Email and Twitter protests cause cut-price airline to reverse thrust

Cut price airline easyJet has backpedalled on its decision to reduce the weight limit for bicycles, restoring the previous allowance of 32kg which was knocked down to 23kg earlier this month.

Earlier this month, easyJet amended its baggage allowance for large sports equipment to read:

“Large Sports Equipment (items up to 32kg, except bicycles for which the maximum weight is 23kg) for example:

Wind surfers; and

The specific restriction on bikes was new - you’d previously been able to pay the fee and take a bike up to 32kg.

This was particularly bad news for mountain bikers as a burly all-mountain bike in a well-padded bag could exceed 23kg, especially if you lobbed in some ancilliary kit like a rucksack or riding gear.

But it also threatened cycle tourists who’d got into the habit of slipping the rest of their gear into a bike bag. That’s technically against easyJet’s rules - the allowance is just for a bike and its container - but few bike bags ever got checked. Who wants to make sure there are no sweaty shorts in there on a return flight?

Our very good friends over on Singletrackworld.com were among the riders that who kicked up a fuss, and within hours easyJet said it was reviewing the charges.

The airline’s press office recently announced:

“From Saturday 11th January we are raising the limit on bike weight to 32kg. Whilst this will take a number of weeks to be applied to all our systems, no customer will be charged an excess for bikes between 23kg and 32kg going forward. We hope more people will continue to enjoy our network of over 130 destinations across Europe for great road and mountain bike rides.”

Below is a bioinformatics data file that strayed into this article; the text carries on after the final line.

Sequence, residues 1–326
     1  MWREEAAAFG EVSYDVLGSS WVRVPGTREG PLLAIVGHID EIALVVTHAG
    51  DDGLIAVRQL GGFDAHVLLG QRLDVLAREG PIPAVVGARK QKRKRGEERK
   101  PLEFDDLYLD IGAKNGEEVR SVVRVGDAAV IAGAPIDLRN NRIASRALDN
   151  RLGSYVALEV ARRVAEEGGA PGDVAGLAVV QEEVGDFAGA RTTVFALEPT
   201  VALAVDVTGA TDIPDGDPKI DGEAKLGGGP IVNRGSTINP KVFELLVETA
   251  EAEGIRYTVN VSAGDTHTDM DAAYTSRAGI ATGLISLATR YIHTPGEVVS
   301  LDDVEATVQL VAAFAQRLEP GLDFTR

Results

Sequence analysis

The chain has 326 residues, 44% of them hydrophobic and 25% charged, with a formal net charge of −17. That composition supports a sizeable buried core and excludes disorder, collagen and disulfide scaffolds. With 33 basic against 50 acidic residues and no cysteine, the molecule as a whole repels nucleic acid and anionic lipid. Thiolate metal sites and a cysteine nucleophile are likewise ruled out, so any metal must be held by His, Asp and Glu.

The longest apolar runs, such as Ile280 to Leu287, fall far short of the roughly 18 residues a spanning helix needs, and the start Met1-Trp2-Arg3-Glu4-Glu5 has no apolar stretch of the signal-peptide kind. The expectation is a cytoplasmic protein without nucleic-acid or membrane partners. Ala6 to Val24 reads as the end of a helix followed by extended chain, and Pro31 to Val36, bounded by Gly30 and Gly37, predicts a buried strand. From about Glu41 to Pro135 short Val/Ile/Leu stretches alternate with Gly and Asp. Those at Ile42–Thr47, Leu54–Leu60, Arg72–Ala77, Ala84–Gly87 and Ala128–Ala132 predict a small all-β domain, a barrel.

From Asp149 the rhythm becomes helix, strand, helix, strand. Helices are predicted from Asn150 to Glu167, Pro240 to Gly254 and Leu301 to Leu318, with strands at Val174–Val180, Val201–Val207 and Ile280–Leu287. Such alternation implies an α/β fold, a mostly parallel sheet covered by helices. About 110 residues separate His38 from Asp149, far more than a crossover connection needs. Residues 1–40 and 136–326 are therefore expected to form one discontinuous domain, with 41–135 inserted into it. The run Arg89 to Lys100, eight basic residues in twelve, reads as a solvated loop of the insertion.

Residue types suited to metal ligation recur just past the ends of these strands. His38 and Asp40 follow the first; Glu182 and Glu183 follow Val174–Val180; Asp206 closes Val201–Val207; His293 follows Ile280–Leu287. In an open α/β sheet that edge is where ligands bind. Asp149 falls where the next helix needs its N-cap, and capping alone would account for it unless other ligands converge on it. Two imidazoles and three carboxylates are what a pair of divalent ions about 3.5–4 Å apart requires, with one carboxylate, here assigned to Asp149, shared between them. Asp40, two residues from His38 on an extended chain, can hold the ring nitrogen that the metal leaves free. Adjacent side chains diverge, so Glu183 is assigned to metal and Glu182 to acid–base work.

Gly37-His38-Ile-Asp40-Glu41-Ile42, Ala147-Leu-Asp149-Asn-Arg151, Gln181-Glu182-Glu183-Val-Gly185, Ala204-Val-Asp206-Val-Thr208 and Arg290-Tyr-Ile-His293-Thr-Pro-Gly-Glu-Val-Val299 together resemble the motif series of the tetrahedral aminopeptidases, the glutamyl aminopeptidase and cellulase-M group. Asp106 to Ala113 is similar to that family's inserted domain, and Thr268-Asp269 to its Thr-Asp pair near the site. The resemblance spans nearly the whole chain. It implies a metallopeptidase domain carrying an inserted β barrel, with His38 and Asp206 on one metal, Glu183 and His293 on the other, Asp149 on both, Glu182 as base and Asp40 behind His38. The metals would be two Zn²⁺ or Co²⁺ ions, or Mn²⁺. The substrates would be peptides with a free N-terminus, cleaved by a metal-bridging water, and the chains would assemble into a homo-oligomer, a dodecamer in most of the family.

Transport activist Dave Holladay, who has previously persuaded train and airline companies to improve provision for cyclists, says the storm of tweets and emails that went easyJet’s way was the main factor in the rule reversion.

“By the time I was looking for the easyJet contacts to tackle quietly behind the scenes, news came through that the changes had been reverted.”

But Dave points out that problems can still crop up. Things can go pear-shaped, he says, “when the ground handling contractors (who make up a large percentage of the liveried/nominated customer-facing staff at any airport) have an RTFM moment and don't apply the correct easyJet rules as set out by their manual.”

In other words, don’t assume that the person you’re talking to on the desk actually works for easyJet and knows the rules. As ever in these situations, being polite, cheerful and helpful works better than getting stroppy.

Dave adds: “I'm hoping to get some better liaison with the ground handling contractors at key airports used by easyJet, especially to clear the confusion which can occur when the contractors working for easyJet interpret something slightly differently.

“Given also that many CTC Cycling Holidays tours use easyJet with their groups I'm going to see if we can get some direct contact details, for key departure points so that a group can arrange to check in all bikes as a single transaction and thus get them, loaded in a more organised way for a group travelling together.”

Our official grumpy Northerner, John has been riding bikes for over 30 years since discovering as an uncoordinated teen that a sport could be fun if it didn't require you to catch a ball or get in the way of a hulking prop forward.

Road touring was followed by mountain biking and a career racing in the mud that was as brief as it was unsuccessful.

Somewhere along the line came the discovery that he could string a few words together, followed by the even more remarkable discovery that people were mug enough to pay for this rather than expecting him to do an honest day's work. He's pretty certain he's worked for even more bike publications than Mat Brett.

The inevitable 30-something MAMIL transition saw him shift to skinny tyres and these days he lives in Cambridge where the lack of hills is more than made up for by the headwinds.